Thursday, May 27, 2010


Sunday evening I shared dinner with three friends at my apartment and then we drove out to my site and shared the Lord's Supper. We planned this, but Saturday night I became afraid. Never in my life have I taken Communion outside of a "church" and without a "minister" present. Is this okay? Are we allowed to do this? So I prayed, and reread the scripture about this meal, which said that those taking it ought to do so in "holy awe," taking to heart its purpose of calling to mind the death of Jesus. The focus is on the hearts of the people, not on where they are or who they are. There is no requirement for someone with special status in the church, or with a certain degree, or with a lofty spiritual track record, to be present before the Lord's Supper can be celebrated. The point is to remember Jesus' death for the forgiveness of sins. That is all.

From my apartment we carried four glasses, a jug of grape juice, a small plate with a slice of bread, a Bible, and a candle. We joked that it was a processional, and indeed it was. We called the girl who carried the candle the "light-bearer."

During the drive I realized I forgot the stool we would set the elements on and stand around for the meal. But soon I thought perhaps God made me forget, because our improvised alternative was much better. We parked on the side of the road in front of the site, continued our processional into the woods, and sat down in a circle on a carpet of pine straw. The candle was lit. It seemed appropriate to have a light at the center of us.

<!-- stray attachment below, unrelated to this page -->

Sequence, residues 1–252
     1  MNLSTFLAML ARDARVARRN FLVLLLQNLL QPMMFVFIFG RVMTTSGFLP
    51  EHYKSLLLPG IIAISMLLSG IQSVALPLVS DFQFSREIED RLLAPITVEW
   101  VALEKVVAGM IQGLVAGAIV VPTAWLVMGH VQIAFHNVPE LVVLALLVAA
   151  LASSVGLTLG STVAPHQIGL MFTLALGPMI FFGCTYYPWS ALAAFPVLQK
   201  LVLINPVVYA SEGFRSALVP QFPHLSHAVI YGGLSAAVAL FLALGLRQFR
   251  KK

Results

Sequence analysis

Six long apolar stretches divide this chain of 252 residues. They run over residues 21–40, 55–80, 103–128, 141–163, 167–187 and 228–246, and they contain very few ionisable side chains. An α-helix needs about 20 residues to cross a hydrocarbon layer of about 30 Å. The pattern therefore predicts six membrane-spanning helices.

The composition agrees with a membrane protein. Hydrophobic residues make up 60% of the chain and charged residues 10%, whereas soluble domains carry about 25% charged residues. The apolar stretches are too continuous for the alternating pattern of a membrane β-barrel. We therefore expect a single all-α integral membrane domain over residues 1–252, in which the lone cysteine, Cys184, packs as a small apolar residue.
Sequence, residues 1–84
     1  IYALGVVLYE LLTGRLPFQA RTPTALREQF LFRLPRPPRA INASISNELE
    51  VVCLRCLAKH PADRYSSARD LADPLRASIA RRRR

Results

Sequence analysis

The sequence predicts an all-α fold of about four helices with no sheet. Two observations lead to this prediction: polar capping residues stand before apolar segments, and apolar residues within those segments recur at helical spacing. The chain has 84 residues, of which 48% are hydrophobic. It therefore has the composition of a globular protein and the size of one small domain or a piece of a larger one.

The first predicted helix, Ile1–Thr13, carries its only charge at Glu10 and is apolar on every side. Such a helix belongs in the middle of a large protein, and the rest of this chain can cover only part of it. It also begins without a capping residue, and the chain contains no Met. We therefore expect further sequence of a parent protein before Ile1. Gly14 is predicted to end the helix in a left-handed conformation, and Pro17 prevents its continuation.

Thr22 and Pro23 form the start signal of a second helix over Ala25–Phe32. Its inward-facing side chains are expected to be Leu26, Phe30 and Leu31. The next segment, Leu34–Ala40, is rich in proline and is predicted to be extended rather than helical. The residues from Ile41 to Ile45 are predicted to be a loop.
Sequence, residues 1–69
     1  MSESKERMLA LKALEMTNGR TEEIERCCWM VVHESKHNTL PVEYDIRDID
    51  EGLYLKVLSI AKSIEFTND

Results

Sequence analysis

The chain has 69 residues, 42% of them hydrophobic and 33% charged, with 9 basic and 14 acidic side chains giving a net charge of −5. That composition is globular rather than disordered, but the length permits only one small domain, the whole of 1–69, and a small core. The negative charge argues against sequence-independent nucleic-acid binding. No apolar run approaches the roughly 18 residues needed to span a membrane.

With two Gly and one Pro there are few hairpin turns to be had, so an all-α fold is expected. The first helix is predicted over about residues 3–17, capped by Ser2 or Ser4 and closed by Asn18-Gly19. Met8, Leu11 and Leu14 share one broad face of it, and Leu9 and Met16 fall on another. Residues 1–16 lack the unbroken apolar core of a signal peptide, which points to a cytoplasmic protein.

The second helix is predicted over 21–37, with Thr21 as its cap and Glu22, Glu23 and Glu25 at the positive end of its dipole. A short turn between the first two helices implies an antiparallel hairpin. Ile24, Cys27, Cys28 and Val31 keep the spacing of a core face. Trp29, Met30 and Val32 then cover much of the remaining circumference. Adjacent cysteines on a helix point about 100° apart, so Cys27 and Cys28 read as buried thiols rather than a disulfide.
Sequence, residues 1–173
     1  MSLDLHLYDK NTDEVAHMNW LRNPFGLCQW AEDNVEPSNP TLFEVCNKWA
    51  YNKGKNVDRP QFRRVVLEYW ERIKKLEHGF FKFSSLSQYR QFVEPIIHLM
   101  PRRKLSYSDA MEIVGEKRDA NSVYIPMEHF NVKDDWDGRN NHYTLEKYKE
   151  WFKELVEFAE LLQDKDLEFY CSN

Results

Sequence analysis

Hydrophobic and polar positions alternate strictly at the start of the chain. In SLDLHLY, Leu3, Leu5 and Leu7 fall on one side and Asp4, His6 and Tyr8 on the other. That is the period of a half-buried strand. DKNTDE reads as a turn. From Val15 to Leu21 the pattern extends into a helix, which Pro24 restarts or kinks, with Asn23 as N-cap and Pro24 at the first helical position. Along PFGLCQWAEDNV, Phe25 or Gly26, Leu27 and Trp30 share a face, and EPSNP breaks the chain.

There were some logistical hiccups, like when to read which passage of scripture, who to pass the bread to whom, when exactly to pour the juice, etc. - all expected for a first time, and could be easily ironed out for the next. But the improvisation also brought out some beautiful elements that we will have to keep. Such as when one of us picked up the plate of bread, turned to the person to her left and said, "Christy, the body of Christ, broken for you." This continued around the circle, each person first being served and then serving, until the first person to serve was served last.

We had mentioned over dinner that we should think of a song to sing after we take Communion. Jesus and his disciples sang a song together after the Last Supper. But when we finished the bread and cup we still hadn't thought of a song that we all knew. We sat in silence for a minute. Then I said I knew the first stanza of Amazing Grace. One of the others said, "Done." We sang it twice, to a chorus of evening birdsong.

Later I marveled at the democracy of initiative as we stumbled our way through this sacrament. One person started the serving of the bread. After we took the bread and sat silently for a minute, I said, "The blood of Christ," and we all drank in unison. Another asked me to read the scripture a second time, which I gladly did. Yet another suggested we sing Amazing Grace again; joyfully we obliged.

This reminded me of the verse, "There is no longer Jew or Gentile, slave or free, male and female. For you are all one in Christ Jesus." (Gal. 3:28) Two of the members of our group of four are married to each other, but you wouldn't have known it to watch our little gathering. The two didn't sit next to each other (though not purposely), and so didn't serve each other the elements. As joint heirs with Christ, the Son, children of the Father, we are all siblings. We will remain so even after death, when all marriages end. Marriage is temporary; spiritual brotherhood is eternal. As it happened by the "accidental" order in which we sat, marriage was deferred to the Beautiful Community.

One dream for this new house is to have regular services centering around the Lord's Supper, but I never imagined sharing this sacred meal in these woods before construction even begins. Now I feel that the place is ready.

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